## Introduction: Large Faux Aluminum Nut

I was in need of a large nut for a custom industrial looking light fixture I was working on. However, I couldn't find any large sized nut for a reasonable price or one that was a nice looking material. So I decided to make my own. Here is a list of what I used:

- Aluminum (this is a soft metal that is easy to cut and sand) cut rod (any diameter you want to make the size nut you need)
- Table saw with a metal grinding blade
- Belt Sander
- Drill and large bit
- Compass
- Pencil/pen/sharpie

## Step 1: Instruction on Creating a Hexagon From a Circle

1. Start with paper and a compass. (pic 1)

2. For instructional purposes, draw a circle and size you'd like with the compass. The important thing is to not change the angle of the compass after drawing the circle. (pic 2)

3. After you have drawn the circle, place the point of the compass anywhere along the edge (circumference) of the circle and then make a mark that crosses the edge of the circle. (pic 3)

4. Now move the point of the compass to the mark/intersection you just made and then make a second mark along the edge of the circle. (pic4)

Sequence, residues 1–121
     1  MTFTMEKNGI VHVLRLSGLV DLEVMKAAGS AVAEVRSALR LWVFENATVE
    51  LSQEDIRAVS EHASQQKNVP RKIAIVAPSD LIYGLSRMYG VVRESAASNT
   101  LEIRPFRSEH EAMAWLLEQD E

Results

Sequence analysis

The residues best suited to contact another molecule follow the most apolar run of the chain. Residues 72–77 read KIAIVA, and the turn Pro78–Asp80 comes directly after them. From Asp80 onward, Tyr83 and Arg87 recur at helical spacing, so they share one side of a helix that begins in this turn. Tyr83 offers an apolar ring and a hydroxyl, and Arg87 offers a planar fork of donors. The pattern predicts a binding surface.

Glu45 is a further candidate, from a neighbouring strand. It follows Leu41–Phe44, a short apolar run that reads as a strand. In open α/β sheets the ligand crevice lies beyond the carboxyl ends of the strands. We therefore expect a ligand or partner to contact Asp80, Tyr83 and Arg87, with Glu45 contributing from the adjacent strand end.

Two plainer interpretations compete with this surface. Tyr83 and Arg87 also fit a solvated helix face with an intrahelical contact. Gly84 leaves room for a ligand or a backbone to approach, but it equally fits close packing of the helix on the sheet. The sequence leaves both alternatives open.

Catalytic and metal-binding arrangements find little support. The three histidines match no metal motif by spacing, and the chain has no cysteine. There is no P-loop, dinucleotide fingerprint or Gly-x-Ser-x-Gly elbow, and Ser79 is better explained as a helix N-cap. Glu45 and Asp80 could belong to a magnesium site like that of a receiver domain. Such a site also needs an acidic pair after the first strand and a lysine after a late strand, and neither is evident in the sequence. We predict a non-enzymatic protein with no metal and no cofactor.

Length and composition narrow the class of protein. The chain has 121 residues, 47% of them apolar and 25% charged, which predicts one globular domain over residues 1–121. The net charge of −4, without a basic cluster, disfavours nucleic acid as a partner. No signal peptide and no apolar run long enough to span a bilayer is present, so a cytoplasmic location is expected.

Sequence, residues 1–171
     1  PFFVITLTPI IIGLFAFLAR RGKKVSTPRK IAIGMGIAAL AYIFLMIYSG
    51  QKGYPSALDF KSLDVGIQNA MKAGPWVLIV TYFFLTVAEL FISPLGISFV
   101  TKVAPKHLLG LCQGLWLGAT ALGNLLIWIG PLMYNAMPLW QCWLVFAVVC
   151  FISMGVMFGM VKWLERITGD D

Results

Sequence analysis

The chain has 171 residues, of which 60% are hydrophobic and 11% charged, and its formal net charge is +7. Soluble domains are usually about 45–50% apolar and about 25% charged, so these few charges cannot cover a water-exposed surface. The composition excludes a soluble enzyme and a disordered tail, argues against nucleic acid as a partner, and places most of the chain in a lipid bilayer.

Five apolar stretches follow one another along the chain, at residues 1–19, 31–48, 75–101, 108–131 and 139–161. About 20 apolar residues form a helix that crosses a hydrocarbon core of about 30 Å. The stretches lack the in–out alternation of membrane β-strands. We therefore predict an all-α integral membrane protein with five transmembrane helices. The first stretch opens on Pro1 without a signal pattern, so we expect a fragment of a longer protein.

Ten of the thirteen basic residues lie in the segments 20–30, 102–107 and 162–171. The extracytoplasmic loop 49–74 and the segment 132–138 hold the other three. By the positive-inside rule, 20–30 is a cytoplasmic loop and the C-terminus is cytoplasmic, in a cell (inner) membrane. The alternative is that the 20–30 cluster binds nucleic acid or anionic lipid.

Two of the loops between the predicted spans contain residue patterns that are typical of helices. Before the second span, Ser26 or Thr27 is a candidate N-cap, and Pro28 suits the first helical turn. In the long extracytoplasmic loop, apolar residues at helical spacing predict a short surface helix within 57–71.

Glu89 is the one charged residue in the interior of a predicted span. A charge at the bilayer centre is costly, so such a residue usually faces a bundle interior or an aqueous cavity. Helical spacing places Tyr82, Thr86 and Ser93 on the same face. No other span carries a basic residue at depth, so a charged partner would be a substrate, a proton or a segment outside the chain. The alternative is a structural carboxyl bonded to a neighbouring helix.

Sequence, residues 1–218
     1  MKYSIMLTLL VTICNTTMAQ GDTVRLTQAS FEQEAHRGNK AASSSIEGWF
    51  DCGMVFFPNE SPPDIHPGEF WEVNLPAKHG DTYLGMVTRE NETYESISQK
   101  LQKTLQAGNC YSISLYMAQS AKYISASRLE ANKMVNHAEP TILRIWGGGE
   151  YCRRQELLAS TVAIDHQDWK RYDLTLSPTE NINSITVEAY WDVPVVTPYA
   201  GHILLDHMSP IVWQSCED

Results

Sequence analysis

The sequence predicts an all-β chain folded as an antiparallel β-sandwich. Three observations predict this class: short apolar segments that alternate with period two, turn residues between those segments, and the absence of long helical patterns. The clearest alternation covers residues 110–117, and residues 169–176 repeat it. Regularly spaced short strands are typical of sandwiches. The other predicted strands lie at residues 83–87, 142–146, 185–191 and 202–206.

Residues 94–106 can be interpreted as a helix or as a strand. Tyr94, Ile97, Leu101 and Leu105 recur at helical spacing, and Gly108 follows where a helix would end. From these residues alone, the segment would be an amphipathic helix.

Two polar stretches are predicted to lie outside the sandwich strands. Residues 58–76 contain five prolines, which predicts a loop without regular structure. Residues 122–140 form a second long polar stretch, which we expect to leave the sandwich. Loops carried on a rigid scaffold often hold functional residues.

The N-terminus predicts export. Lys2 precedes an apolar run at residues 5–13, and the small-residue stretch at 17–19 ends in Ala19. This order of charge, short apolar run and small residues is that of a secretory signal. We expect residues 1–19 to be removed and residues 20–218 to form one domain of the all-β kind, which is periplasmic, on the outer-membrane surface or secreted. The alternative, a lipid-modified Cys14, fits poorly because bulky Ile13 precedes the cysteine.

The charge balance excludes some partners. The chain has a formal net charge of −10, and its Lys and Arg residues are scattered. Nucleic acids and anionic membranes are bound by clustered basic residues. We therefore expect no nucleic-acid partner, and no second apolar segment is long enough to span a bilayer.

5. Now repeat step #4 four more times until you have 6 intersections on the circumference of the circle. If you did not change the angle of the compass the marks/intersections should all be evenly spaced around the circle.

## Step 2: Connect the Intersections With Straight Lines

Now draw lines between each intersection on the circle. (pic 1-6). Now you have a hexagon. I also drew a circle in the center to get an idea of how the finished nut would look.

## Step 3: On to Creating a Nut Out of Aluminum

Now that you know how to make a hexagon on paper, transfer that knowledge to the aluminum circle (pic 1).

I decided to sand the aluminum on one side due to how rough it was from how it was cut. (pic 2)

First I found the center of the circle so I could set the compass to the radius of the aluminum. After finding the radius I made six marks/intersections around the edge of the circle (pic 4).

Next I connected the marks with lines to create the hexagon. Finally I drew a circle inside the hexagon to provide an idea of the hole I would be drilling (pic 5).

Next you'll want to use a table saw and grinding blade to cut along the orange lines in pic 5. Then drill out the center of the hexagon to create the finished nut. I also spent some time sanding the nut to give it a brushed look.

## Step 4: Final Results

Participated in the

Made with Math Contest